LYNN ALLEY is a freelance food and wine journalist who specializes in traditional foods and culinary techniques from around the world. The author of The Gourmet Slow Cooker, The Gourmet Slow Cooker: Volume II, The Gourmet Toaster Oven, and Lost Arts: A Celebration of Culinary Traditions, she is a frequent contributor to the Wine Spectator website and magazine, and has written articles for the San Francisco Chronicle, the San Diego Union Tribune, Fine Cooking, Cook’s Illustrated, The Herb Companion, Natural Home, and Organic Style magazine. Alley has also taught cooking classes around the western United States. She resides in San Diego, California.


As I wrote in the introduction toThe Gourmet Slow Cooker, my first experiments with a slow cooker involved beans.
I was living in a mobile home on a farm in Davis, California, for several months, and the only equipment in the old kitchen was a vintage 1970s slow cooker and a very clunky, battle-scarred frying pan. The drive in to town was more than just the hop down the road I was used to at home, so I tried to buy up at the beginning of the week and keep it really simple.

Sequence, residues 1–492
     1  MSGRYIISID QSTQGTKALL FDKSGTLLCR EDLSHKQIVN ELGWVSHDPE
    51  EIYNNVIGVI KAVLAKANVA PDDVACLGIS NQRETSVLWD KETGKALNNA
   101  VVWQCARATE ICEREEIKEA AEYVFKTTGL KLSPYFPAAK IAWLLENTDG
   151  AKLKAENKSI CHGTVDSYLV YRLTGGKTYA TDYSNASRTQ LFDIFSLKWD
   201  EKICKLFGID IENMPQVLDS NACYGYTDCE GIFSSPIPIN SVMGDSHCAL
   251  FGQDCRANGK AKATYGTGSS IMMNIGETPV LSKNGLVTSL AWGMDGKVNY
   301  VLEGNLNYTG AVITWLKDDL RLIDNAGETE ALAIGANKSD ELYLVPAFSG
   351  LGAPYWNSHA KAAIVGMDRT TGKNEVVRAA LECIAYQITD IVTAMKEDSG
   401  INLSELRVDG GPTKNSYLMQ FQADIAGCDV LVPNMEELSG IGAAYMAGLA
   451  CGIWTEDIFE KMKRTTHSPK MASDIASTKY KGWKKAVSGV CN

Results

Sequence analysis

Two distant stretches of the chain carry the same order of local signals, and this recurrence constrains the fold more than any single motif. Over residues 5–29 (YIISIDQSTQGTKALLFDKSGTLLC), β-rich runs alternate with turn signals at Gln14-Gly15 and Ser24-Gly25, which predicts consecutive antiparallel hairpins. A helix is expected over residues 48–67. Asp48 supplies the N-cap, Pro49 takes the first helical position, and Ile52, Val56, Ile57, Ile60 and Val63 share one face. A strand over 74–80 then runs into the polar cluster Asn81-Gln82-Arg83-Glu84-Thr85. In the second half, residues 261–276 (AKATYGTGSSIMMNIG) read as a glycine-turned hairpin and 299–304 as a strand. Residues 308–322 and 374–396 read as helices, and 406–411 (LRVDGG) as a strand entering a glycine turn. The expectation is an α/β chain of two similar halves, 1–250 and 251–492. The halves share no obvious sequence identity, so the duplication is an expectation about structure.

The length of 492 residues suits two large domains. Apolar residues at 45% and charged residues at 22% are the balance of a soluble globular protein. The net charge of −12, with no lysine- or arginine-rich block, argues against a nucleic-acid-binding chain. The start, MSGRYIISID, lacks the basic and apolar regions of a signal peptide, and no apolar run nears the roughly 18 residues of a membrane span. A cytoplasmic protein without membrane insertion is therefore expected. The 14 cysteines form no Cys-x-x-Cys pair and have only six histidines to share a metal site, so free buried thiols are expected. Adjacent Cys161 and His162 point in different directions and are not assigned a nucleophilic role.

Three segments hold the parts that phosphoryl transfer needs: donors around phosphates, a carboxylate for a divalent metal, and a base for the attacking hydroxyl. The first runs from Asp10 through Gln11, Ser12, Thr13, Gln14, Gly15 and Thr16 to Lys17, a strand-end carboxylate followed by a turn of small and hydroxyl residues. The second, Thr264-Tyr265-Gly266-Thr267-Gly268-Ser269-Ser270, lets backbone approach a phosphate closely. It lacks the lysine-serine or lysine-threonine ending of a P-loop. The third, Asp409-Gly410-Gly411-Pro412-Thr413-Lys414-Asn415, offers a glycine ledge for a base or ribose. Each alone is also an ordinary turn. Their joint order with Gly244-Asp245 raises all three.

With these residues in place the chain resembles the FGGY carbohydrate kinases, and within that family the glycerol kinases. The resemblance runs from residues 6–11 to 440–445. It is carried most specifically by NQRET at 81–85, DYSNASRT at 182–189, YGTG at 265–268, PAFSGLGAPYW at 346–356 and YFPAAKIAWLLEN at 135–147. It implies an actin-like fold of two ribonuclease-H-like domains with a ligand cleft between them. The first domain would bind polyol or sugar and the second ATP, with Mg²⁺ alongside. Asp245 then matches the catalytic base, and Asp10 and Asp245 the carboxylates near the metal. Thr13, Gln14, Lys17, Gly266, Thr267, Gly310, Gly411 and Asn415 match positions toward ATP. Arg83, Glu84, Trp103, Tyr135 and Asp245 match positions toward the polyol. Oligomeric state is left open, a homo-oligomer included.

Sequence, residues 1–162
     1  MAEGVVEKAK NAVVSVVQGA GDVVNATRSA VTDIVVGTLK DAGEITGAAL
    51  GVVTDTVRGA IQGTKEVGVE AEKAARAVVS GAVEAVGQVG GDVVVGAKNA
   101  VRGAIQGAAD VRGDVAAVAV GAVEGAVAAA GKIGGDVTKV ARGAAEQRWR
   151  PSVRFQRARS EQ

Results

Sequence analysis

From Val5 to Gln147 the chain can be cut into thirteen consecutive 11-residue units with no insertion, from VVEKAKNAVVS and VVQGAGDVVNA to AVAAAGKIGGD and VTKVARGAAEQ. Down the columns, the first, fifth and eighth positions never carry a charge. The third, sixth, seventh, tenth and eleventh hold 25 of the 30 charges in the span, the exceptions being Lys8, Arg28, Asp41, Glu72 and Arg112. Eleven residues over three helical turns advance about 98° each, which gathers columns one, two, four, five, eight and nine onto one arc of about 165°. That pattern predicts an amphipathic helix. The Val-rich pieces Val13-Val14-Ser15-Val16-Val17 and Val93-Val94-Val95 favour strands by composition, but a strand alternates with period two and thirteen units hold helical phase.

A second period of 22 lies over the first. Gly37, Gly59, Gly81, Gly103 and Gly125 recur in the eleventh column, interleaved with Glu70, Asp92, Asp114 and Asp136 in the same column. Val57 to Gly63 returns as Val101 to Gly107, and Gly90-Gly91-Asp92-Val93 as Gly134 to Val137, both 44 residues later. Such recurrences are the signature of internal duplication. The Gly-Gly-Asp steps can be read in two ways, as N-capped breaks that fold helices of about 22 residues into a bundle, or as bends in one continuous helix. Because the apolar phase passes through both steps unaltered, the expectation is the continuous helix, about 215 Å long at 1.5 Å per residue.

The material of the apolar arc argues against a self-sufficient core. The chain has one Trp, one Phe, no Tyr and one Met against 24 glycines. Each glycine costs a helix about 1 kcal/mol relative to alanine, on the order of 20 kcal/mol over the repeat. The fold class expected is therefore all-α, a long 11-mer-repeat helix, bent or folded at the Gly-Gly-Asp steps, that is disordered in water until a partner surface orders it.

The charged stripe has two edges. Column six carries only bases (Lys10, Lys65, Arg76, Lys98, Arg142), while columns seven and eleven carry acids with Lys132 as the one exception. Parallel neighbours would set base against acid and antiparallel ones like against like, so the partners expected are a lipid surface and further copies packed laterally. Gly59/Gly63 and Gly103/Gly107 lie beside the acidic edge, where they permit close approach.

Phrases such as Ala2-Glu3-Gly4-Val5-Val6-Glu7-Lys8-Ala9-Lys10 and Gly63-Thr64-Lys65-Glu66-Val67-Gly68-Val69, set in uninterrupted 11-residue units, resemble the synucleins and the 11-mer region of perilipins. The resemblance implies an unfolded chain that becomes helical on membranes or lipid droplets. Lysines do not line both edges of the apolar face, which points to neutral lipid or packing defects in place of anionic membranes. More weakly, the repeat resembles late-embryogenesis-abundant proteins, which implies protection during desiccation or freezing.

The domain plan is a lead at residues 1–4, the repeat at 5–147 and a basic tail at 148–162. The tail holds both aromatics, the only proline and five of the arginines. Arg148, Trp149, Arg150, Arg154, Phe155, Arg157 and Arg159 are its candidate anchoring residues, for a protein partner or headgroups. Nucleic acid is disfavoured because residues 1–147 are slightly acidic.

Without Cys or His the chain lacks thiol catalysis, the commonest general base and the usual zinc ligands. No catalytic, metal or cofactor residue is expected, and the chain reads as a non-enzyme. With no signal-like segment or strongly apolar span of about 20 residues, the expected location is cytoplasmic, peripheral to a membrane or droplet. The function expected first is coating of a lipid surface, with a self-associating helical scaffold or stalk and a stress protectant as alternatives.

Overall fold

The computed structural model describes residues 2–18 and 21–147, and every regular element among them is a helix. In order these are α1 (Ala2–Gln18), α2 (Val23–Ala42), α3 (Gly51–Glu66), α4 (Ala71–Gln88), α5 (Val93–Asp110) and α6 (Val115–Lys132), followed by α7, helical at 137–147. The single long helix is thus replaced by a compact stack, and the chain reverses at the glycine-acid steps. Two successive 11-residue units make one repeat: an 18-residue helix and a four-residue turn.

The solution to the problem seemed to be beans. I went to the Davis Co-op and bought as many different kinds of beans as they had. Each day, I’d put a different kind of bean on to cook in the slow cooker. When the beans were tender, I’d add some good salt and choose an herb or two from the small herb garden outside the double-wide. A dash of olive oil gave my beans a bit of staying power.